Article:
New Assistant Secretary Outlines Priorities For Army Installations, Energy And Environment

"I want the secretariat's efforts in enhancing energy resilience at Army installations to continue, accelerate, and grow. Energy and water resilience for installations and environment has been important to me in my previous positions. It is important to me and the Army today."

PENTAGON - Alex A. Beehler was confirmed by the U.S. Senate on Jan. 2, 2019, and sworn in as the 16th Assistant Secretary of the Army for Installations, Energy & Environment (ASA IE&E) on Jan. 10, 2019.

As the Assistant Secretary of the Army for Installations, Energy and Environment, Hon. Beehler establishes policy, provides strategic direction, and supervises all matters pertaining to infrastructure, Army installations and contingency bases, energy, and environmental programs to enable global Army Operations.

As a leader, Hon. Beehler thinks broadly and acts strategically with a style combining basic intellectual curiosity with a desire to make things better.

In setting the secretariat's priorities for 2019 - 2020, Hon. Beehler discussed "Installations" and noted that Army installations are critical to the Army's success. He said, "They are where we build readiness, sustain the force, develop Army culture, and support our Soldiers and their Families." He said, "We must address the challenges of today, while thinking about the future, and transition our 'industrial age' installations to be resilient in the 'information age' of the 21st century."

In addressing priorities, Hon. Beehler pointed to the National Defense Strategy which states unequivocally that "the Homeland is no longer a sanctuary." He notes, "With a CON US-based force, the new doctrine of Multi-Domain Operations, and the current and evolving Operational Environment, our installations are subject to, and constantly under, some form of attack."

In addressing three of the Army's top priorities, Readiness, Modernization, and Reform, he said his priorities for installation, energy and the environment were to ensure our installations are protected, resilient to attack and capable of mobilizing and deploying formations, and maintain lines of communication and support throughout any engagement.

Hon. Beehler said Army installations must be resilient to be ready. "To create resilience, we must define installation gaps and risk to Army operations. We must also resource to appropriate levels to give our Army the best chance of success for training at home station and while deployed, with reach back and sustained support. We will strive to make Mobilization Force Generation Installations to be resilient and ready installations."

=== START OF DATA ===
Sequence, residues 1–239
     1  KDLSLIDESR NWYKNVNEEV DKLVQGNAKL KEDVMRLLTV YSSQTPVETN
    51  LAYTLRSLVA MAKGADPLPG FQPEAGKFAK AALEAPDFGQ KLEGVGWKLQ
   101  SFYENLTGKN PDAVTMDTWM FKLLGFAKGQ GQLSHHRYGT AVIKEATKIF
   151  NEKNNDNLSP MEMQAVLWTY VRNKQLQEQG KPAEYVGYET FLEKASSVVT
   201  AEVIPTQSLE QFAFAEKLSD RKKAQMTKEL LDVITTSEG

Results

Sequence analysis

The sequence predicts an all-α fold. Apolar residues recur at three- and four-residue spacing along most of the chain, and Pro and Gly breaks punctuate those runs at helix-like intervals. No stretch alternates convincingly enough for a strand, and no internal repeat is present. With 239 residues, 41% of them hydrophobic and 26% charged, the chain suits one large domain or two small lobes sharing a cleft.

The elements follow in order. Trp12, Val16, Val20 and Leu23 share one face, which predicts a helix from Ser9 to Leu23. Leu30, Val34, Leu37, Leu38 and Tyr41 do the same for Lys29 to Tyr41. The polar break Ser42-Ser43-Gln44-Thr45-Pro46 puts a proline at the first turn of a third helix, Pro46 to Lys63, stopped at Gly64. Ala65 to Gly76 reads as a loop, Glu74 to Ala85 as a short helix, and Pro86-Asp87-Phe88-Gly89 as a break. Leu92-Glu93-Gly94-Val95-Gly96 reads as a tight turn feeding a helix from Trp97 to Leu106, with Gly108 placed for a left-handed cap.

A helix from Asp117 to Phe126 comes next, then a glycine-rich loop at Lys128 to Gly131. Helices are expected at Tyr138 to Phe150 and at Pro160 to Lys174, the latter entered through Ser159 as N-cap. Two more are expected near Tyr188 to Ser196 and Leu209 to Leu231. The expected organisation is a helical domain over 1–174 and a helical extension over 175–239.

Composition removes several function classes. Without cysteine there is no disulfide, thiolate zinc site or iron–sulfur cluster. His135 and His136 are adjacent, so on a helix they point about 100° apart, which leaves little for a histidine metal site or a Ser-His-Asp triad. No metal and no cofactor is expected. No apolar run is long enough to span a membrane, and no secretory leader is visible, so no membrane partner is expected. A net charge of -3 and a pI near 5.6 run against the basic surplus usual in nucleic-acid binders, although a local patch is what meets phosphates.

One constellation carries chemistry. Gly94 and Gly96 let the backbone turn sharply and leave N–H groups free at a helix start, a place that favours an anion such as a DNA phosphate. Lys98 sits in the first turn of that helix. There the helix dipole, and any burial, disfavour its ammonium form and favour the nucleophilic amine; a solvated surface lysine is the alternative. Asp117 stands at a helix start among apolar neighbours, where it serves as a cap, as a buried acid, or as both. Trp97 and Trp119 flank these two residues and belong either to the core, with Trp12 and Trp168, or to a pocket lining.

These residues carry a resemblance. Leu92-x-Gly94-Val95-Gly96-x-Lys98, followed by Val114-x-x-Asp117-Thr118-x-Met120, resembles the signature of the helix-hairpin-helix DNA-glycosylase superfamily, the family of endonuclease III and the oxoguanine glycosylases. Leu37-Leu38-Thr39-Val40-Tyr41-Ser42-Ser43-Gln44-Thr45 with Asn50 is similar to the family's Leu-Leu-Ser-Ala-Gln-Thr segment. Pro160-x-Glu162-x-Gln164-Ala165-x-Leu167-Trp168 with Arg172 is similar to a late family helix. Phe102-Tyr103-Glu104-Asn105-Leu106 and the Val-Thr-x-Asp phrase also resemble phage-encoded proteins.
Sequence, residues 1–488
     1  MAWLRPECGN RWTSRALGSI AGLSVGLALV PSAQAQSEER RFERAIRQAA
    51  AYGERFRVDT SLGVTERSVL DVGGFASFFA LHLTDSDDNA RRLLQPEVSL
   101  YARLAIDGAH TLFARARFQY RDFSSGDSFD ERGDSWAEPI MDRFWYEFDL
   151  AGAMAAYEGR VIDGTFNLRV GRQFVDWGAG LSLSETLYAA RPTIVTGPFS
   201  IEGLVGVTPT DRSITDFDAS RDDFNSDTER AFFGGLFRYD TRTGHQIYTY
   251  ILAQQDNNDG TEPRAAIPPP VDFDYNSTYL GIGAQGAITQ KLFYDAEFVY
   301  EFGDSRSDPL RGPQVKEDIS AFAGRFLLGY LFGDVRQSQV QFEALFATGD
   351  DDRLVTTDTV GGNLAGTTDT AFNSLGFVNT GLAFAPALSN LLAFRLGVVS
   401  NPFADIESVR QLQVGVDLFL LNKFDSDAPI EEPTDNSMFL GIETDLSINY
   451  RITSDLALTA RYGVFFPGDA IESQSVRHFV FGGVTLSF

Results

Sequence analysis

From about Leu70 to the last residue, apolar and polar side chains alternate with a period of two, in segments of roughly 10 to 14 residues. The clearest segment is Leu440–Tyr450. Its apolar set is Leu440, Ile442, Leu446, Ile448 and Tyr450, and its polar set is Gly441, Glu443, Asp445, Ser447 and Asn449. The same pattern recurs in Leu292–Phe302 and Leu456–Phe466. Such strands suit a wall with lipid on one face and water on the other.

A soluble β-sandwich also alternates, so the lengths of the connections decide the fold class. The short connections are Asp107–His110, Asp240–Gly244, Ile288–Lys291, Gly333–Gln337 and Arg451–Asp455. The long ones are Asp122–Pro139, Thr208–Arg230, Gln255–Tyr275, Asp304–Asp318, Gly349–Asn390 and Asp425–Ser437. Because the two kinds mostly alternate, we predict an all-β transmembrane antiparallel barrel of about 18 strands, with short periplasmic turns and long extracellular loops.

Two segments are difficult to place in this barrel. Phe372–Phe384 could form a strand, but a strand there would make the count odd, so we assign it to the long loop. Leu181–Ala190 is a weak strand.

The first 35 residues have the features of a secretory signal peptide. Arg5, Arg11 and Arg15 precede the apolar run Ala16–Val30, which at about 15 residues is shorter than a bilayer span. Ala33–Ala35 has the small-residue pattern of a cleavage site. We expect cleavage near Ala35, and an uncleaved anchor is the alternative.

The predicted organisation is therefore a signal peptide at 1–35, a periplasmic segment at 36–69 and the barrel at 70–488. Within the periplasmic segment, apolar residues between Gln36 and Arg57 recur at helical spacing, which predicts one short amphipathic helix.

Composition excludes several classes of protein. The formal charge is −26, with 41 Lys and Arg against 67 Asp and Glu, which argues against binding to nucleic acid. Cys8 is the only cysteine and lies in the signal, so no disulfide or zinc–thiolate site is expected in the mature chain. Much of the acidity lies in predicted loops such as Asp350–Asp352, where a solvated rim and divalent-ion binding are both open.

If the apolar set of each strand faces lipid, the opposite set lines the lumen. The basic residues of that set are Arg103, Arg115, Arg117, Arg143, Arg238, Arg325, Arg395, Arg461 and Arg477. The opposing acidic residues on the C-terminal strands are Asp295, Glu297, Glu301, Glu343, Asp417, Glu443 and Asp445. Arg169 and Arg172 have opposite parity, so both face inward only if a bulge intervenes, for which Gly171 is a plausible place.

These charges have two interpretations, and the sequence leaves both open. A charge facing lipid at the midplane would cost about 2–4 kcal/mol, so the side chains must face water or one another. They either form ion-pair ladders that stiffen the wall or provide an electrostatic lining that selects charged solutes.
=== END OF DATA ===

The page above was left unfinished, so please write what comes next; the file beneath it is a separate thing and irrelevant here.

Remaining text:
"Army Installations must modernize to support the modernized Army of 2028," he said, adding, "We cannot modernize the force without modernizing Army installations. Our infrastructure must include: abundant network bandwidth and speed; sensors and protection against cyber, physical, and aerial threats; strong defenses against threats to our energy and water systems, and the ability to streamline installation operations through data analytics."

In addressing "Energy," Army installations rely on energy and water sources to accomplish critical missions. Vulnerabilities in the interdependent electric power grids, natural gas pipelines, and potable water resources supporting Army installations jeopardize Army readiness.

He has also praised the Army for making great strides and emphasized the importance of the secretariat's energy program efforts in supporting the Army's priorities. He said the secretariat's ability to leverage direct private investment and third-party financing tools to drive energy projects with little or no upfront cost to the government is especially important.

In addressing "Environment," as part of his priorities he said it's mission first, Soldiers and Families always. "Our enduring obligation is to our Soldiers and their Families. The safety of our Soldiers and their Families is paramount."

Hon. Beehler said Soldier and Family health and welfare is of the utmost importance to our Army's readiness. "The Army is committed to providing a safe and secure environment on our installations, and to providing the highest quality of care to all of our Soldiers and their Families.

"We must continue to inform and educate our Soldiers and Families about the potential health impacts of environmental hazards, resources available to mitigate those hazards, and methods to report potential risks," Hon. Beehler said.

Looking ahead, he said, "When feasible, our installation services must be automated in order to push funding and manpower toward significant mission enabling capabilities. To deploy these capabilities we need innovation, and we need to identify those requirements quickly as our infrastructure timelines are often as long as the acquisition timelines Army plans to meet."

Hon. Beehler emphasized that the Installation Management community must adapt for efficiency. "We must improve installation effectiveness, efficiency, and quality. We have a creative and resourceful workforce. We must review processes and systems for more efficient ways of doing business, and quickly hire / train our workforce to adapt and embrace new technologies and processes," he said.

Hon. Beehler stressed, "Modern installations will provide a modern Army with the infrastructure, services, and security required to build readiness and project power as an integral part of the multi-domain battlespace.

"A truly modern Army needs modern installations!"

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